Friday, 21 December 2007
Merry Christmas to all BIALL Members and readers of the blog! See you all in the New Year.
The Blog Team
Wednesday, 19 December 2007
Despite the fact it is Christmas I'm not talking about expanding waistlines. In fact what is referred to here is the strategy of Professional Publishing Companies which has seen them move from single volume print publishers to suppliers of "integrated content"
Leading this change is Reed Elsevier (LNB) who are the subject of an article on the Times Online. In it Reed Elseiver Chief Executive Sir Crispin Davis discusses how he sees their strategy developing and perhaps more importantly for Law Firms how he "sees the phenomenon as a route to winning more spending from law firms and medical institutions, as well as increasing contract-renewal rates" Sir Crispin also sees a trend developing in the amount of time an "average" fee-earner now spends using LNB products.
Wednesday, 12 December 2007
The Publishers Association have released the details of their Annual Conference for 2008. Called "What does Higher Education want from Publishers?" the conference will look at the "impact that publishers make on today’s learning experience" More information and registration forms are available on the Publisher Associations website.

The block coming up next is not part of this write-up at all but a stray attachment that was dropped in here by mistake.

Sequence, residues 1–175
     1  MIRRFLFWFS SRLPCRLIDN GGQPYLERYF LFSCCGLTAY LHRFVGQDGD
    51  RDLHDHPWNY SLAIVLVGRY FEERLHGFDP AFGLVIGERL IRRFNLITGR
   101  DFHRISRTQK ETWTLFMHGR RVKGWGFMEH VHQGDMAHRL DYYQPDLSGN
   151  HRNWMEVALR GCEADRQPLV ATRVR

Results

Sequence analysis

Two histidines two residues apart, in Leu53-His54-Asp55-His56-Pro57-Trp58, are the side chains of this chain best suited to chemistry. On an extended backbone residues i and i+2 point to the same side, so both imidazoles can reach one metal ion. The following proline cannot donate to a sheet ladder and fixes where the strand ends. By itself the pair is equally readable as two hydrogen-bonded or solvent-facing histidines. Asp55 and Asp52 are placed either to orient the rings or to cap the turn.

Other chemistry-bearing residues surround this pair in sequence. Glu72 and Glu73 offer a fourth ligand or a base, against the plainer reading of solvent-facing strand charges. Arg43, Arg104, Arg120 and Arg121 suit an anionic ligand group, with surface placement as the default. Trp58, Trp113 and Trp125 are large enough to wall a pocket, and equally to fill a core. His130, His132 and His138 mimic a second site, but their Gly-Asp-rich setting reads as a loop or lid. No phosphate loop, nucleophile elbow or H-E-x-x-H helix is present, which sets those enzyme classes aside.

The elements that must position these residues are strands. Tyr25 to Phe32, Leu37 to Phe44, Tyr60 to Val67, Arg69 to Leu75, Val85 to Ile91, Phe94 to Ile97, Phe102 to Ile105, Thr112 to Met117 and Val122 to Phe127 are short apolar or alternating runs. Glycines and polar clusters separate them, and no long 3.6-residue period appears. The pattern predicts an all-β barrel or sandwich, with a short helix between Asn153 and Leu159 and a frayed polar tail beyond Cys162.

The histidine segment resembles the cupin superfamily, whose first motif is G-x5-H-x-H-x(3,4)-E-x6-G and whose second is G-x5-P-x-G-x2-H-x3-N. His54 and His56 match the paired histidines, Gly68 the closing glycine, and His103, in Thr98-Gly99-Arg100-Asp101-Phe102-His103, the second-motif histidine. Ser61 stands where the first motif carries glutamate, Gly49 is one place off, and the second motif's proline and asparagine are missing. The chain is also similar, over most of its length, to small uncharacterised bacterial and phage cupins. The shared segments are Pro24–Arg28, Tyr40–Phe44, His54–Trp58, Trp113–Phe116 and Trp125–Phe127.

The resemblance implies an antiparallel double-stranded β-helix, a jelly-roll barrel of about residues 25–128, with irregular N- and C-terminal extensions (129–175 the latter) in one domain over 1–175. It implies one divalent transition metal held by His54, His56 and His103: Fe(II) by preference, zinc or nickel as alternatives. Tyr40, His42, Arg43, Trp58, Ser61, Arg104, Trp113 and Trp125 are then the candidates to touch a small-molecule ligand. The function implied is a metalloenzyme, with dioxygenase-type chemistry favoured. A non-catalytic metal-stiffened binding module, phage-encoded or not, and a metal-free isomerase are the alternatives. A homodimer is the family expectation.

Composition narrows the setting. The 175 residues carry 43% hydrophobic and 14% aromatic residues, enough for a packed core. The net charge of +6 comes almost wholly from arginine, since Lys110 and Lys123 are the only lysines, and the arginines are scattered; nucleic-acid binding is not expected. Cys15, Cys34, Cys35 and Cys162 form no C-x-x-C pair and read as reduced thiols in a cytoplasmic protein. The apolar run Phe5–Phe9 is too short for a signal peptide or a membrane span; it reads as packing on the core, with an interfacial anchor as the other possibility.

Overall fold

Thursday, 6 December 2007
The CLA has introduced a new licence for the Adult Education sector. The enhanced Trial Scanning Licence is now available to all Adult and Community Education and Learning (ACL) providers.
The licence allows for the creation of Digital Copies made from print originals owned by the licensee and for those Digital Copies to be used with technologies such as digital whiteboards, within Virtual Learning Environments (VLEs) including email and fax.
A joint standard which has been developed by the publishing industry, working with search engines was launched at the end of last month. The ACAP (Automated Content Access Protocol) initiative allows online content owners to grant search engines like Google rights to "display" their content in search results. Traditionally websites have used a file called Robots.txt to tell search engines which parts of their sites should be indexed and which shouldn't. Recently there has some discussion whether the Robots.txt file provided sufficient depth and complexity to the rules that could be set. It was from these discussions that the ACAP initiative was born.
What does ACAP mean for content owners?
ACAP is seen as a positive move by some content owners with the owners believing the ultimate outcome will be to make more content available by brining it out from behind subscription firewalls. Content owners are being "encouraged" to implement ACAP, the Times Online recently announced that they had done so.
What does ACAP mean for us?
Information Specialists wont see much change in the first instance as very few search engines including Google have yet to sign up or implement ACAP. What ACAP may mean is that more content will become available via search engines that we wont have access to. Information Specialists should be aware of this and the copyright/legal implications of using this content.